From 16 February to 8 March 2007, the Center for International and Regional Studies (CIRS) in Doha sponsored a series of programs on the American arts, entitled the American Arts Festival. The Center at the Georgetown University School of Foreign Service in Qatar (SFS-Qatar), conducts programs of scholarship, research, and public outreach in the fields of international and regional affairs. CIRS keeps in touch with its surrounding environment by providing various cultural and educational programs that communicate with both the local population and the larger international arena.
Prior to 1940, the United States was a predominantly rural nation. After the U.S. Civil War (1861-1865) industrialization and the movement of peoples, both internal migrations and immigration into the United States, changed the face of America. Rapid industrialization created a need for an unskilled labor force that drew people to America’s cities. During the same period, photography emerged as an important form of artistic expression. The growing middle class in America provided an audience and patrons for this bold new vision, while the grace and chaos of urbanization inspired artists to document these cities and the people who made them so vibrant. What has survived is an elegant record of a nation experiencing the growing pains of entering the industrial world. Qatar is poised at the same moment in its history growth and we hope that by giving you this glimpse into the history of the American city the similarities and differences can contribute to our mutual understanding.
Photographs depicting the American City from 1880 to 1950 were on display at Landmark Center throughout the American Arts Festival. A lecture by Sam Abell, National Geographic Photographer, as well as workshops by Georgetown University faculty, and members of the Qatar Photographic Society was offered.
The Photography Section of the American Arts Festival also featured a photography competition that was open to the public. This was a unique opportunity for those interested in the art of photography to actively take part in the fulfillment of that dream and to present their work to their fellow colleagues and to professionals of the field. Sam Abell, National GeographicPhotographer, formed part of the judging panel for the photography competition and was there to offer advice and support to those taking part in this prestigious event. Submissions were accepted between 15 November 2006 and 8 February 2007.
Photography Week Participant Biographies:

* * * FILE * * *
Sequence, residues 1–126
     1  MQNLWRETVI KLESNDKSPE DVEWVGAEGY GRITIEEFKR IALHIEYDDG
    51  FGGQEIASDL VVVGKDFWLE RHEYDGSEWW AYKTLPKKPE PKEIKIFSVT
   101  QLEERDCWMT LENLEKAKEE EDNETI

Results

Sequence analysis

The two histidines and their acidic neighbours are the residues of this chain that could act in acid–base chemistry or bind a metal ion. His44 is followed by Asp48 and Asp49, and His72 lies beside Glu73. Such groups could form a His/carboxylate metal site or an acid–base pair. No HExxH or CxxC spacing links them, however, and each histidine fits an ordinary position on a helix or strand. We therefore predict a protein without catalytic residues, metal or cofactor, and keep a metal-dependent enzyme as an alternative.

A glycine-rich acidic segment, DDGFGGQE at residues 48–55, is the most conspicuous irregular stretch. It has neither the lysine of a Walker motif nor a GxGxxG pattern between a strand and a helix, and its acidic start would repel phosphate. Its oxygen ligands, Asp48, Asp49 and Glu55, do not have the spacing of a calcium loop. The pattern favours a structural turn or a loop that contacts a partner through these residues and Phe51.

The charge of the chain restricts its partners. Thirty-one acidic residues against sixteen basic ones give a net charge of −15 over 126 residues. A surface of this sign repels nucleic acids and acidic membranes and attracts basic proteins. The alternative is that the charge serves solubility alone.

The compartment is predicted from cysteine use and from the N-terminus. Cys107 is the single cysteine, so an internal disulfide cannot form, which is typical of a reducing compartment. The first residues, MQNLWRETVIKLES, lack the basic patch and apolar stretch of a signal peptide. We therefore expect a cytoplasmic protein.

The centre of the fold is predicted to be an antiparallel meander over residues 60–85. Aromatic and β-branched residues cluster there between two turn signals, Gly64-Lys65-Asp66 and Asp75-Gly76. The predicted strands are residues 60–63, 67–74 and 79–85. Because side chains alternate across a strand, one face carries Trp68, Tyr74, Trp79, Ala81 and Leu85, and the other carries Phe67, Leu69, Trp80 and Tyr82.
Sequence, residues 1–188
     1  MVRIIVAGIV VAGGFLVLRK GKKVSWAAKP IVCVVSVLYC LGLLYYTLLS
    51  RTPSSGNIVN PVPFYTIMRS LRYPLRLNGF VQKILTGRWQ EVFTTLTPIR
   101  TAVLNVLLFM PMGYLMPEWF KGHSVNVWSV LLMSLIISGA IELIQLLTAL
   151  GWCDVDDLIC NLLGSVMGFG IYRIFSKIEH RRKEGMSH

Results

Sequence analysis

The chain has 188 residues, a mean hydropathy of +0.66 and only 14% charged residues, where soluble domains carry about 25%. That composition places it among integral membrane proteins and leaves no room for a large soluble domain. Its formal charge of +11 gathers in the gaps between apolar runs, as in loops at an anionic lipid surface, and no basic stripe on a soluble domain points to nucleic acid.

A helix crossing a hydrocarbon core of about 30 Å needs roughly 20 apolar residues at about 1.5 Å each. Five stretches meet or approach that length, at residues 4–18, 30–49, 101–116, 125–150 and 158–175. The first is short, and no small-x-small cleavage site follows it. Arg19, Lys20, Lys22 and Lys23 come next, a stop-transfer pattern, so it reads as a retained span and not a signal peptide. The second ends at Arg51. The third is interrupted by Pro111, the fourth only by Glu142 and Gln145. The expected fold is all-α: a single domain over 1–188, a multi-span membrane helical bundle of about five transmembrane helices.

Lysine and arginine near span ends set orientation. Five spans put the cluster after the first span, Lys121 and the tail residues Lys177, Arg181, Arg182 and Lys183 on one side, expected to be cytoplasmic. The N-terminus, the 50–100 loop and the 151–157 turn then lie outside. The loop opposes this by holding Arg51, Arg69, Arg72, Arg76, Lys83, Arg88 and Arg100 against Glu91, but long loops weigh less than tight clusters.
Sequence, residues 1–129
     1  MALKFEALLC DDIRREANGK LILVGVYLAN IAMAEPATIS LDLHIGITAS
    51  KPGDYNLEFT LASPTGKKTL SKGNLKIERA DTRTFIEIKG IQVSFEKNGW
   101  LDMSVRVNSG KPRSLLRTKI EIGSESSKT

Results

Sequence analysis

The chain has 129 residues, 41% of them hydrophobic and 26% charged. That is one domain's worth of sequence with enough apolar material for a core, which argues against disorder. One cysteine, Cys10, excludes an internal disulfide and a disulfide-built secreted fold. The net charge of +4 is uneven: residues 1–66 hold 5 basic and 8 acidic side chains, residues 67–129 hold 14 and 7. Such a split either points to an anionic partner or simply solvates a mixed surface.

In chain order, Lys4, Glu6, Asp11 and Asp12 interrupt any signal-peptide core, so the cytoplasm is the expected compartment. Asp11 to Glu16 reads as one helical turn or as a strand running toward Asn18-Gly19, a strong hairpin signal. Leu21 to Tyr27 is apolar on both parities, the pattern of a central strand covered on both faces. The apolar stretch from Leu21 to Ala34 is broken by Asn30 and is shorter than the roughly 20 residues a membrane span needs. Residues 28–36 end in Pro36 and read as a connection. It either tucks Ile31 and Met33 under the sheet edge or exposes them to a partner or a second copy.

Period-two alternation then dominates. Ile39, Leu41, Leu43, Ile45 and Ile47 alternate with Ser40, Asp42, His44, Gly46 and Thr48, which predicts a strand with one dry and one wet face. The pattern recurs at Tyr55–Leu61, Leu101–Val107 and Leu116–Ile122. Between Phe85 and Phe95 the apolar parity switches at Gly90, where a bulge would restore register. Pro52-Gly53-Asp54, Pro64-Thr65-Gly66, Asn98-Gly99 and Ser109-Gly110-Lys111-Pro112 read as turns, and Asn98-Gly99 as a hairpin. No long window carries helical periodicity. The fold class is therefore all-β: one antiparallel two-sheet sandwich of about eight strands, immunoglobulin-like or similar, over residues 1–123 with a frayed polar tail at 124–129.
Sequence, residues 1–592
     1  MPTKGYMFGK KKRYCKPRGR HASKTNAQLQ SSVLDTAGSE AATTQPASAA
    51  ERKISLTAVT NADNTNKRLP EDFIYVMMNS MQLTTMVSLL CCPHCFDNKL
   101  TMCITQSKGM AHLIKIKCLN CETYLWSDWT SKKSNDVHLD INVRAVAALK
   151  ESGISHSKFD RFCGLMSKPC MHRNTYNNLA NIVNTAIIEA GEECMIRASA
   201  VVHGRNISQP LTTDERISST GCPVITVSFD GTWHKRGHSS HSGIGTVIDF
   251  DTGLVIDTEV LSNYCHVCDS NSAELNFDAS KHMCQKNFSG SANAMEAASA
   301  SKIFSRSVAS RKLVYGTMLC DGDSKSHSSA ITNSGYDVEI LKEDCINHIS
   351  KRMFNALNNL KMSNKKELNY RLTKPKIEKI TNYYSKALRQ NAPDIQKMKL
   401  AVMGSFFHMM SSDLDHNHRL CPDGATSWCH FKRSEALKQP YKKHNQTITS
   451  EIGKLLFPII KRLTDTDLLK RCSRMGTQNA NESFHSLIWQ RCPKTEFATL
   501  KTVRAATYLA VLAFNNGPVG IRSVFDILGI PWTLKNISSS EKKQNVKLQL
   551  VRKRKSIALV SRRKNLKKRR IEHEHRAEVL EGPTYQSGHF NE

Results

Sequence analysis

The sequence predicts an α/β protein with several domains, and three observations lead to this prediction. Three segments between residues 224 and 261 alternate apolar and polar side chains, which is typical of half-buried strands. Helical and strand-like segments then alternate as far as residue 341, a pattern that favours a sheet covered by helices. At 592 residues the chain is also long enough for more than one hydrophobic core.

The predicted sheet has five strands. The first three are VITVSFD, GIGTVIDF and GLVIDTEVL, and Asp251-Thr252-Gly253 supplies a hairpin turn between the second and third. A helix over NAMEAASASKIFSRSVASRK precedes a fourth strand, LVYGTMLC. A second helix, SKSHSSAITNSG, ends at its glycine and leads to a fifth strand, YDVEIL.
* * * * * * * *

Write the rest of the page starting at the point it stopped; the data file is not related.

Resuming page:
Sam Abell is a veteran National Geographic photographer and one of only four staff photographers in the history of the magazine. The archetypal National Geographic photojournalist, Abell’s work often tells evocative stories of time and place: Lewis and Clark, the Mississippi River, the Amazon, Australia, and Japan’s Imperial Palace. Most recently he told his own story in his book Sam Abell: The Photographic Life. His photographs capture the beauty of both culture and nature. He has photographed dozens of stories, authored award-winning books, and shown his work worldwide. Abell shares the excitement, intrigue, frustration, heartbreak, and joy of spending 35 years on assignment around the world for the world’s most trusted magazine.
Khalifa Al-Obaidly is an artistic photographer. In 1993 he received a degree in Marine Biology from Qatar University which spurred his interest in underwater photography. He served as Director of the Qatar Photography Museum and worked on building their collection. He constantly challenges the medium of photography and pushes its boundaries with new and unique techniques and designs. Currently he is Head of PR at the Civil Aviation Authority.
Kate Sampsell-Willmann, a U.S. intellectual and social historian and a fine art photographer, received her Ph.D. (with distinction) from Georgetown University in 2002, her J.D. from the University of Baltimore School of Law in 1991. She is the author of If I Could Tell This Story in Words . . . : Lewis W. Hine and the Intellectual History of Social Documentaryforthcoming from The University of North Carolina Press, “‘Three Generations of Grass’: Photography, Liberalism, and the American Yeoman,” History of Photography (Dec. 2003), and “Ellis Island and Lewis Hine’s Lived Experience: Photographs as Ideas” forthcoming from The Journal of the Gilded Age and Progressive Era. Dr. Sampsell-Willmann is currently a member of the history faculty at the Georgetown University School of Foreign Service in Qatar and has also taught American history in Turkey and the U.A.E.
Abir Al Kuwwari was the first member of the Qatar Photographic Society in 1988. Her photographs focus on nature, still-life and children. Her talent lies in her ability to bring profound meaning to the simple and the everyday, where she captures her subject matters in their natural environment. She has exhibited her work in various indoor and outdoor events and has won several awards.